God’s Stuff: Pet Mice

How to Train Your Mouse to Play with You

Mice can be found almost anywhere. Their high intelligence enables them to adapt to all sorts of unfamiliar conditions. And they make good pets, too. I’ve had many of them.

I used to take some of my mice downstairs, where I would lie down on the carpeted floor and release the mouse into the living room. I know, I know–what was I thinking? The mouse could have darted under the couch and somehow disappeared. But they never did.

Instead, the mouse would explore a little and then come scampering back to me. Always! Think about that. We humans never get to interact with living things that much bigger than ourselves. What must we look like, to a mouse? A blue whale with glasses?

Our creator also created mice–and for some reason, despite all our problems with wild mice, He created us to be compatible: pet mice can be very affectionate. For something that small to love and trust something that big–well, we never would have thought of it, would we?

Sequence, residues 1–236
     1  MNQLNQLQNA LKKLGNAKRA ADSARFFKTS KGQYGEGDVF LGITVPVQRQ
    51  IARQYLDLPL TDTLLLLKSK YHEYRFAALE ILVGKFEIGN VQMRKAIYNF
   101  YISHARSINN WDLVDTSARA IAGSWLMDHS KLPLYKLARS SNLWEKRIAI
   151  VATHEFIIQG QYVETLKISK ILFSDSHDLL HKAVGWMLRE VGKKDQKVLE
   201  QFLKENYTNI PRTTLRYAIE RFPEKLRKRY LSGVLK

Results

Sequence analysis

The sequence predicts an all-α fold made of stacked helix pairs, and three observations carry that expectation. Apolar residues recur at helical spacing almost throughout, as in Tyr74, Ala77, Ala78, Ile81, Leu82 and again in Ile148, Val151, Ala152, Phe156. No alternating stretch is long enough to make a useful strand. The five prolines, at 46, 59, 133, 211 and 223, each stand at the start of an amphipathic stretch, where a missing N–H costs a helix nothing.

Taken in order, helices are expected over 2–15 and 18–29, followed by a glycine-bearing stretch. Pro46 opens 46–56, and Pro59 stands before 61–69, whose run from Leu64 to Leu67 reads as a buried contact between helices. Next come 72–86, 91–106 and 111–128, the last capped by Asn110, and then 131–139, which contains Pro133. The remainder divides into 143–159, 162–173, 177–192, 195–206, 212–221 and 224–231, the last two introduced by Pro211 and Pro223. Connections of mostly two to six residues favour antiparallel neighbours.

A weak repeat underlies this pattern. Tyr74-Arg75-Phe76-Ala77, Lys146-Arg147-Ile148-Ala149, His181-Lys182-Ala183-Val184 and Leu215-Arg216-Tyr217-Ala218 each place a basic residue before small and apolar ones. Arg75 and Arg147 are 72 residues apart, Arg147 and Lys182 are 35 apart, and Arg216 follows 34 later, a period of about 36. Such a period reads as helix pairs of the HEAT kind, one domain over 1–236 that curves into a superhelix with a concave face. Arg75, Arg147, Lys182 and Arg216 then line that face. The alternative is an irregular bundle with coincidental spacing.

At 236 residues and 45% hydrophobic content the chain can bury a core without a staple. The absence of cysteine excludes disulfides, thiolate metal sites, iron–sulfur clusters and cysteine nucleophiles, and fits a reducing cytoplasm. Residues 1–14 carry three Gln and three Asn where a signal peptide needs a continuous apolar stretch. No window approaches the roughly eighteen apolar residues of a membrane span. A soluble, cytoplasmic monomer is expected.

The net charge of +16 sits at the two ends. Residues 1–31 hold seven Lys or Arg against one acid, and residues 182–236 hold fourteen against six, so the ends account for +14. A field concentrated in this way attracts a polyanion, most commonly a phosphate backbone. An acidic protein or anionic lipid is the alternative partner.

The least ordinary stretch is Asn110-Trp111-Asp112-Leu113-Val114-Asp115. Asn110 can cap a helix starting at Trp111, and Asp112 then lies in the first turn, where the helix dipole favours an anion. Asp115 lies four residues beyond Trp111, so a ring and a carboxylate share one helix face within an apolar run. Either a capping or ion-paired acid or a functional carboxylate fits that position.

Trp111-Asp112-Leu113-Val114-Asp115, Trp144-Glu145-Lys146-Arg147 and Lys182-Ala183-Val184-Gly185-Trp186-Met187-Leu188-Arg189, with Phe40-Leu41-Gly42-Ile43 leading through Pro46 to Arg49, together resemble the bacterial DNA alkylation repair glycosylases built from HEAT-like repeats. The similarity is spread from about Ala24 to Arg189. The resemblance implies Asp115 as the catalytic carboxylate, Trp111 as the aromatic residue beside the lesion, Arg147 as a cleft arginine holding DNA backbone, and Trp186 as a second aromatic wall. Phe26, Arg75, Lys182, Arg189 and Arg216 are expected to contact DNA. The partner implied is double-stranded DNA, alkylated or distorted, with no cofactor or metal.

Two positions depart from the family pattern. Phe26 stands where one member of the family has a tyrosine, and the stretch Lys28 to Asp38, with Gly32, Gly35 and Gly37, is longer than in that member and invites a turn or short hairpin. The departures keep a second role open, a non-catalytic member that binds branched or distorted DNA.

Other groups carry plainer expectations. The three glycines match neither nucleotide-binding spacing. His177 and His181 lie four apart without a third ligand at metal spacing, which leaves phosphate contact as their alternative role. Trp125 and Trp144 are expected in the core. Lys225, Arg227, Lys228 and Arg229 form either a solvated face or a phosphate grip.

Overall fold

I also had a mouse who used to groom my mustache. What that was like for her, I’ll never imagine.

14 comments on “God’s Stuff: Pet Mice

  1. The trouble with having pet mice is that their life spans are so short. Just as you’ve grown to love them, they die.

    1. That’s true, and can’t be helped. They do learn awfully fast. Imagine if they lived ten years: they’d be inventing things and writing plays.

    1. I remember being totally enchanted by the movie (can’t recall the name but I don’t think it was the same) as a kid, and borrowed my brother’s book with the short story in it. I think it was the yearly collection of Hugo winners, actually. Both of them broke my heart.

    1. I’ve had pet rats, too, and they’re just as wonderful as mice–and a little bit more playful; mice can be very businesslike.

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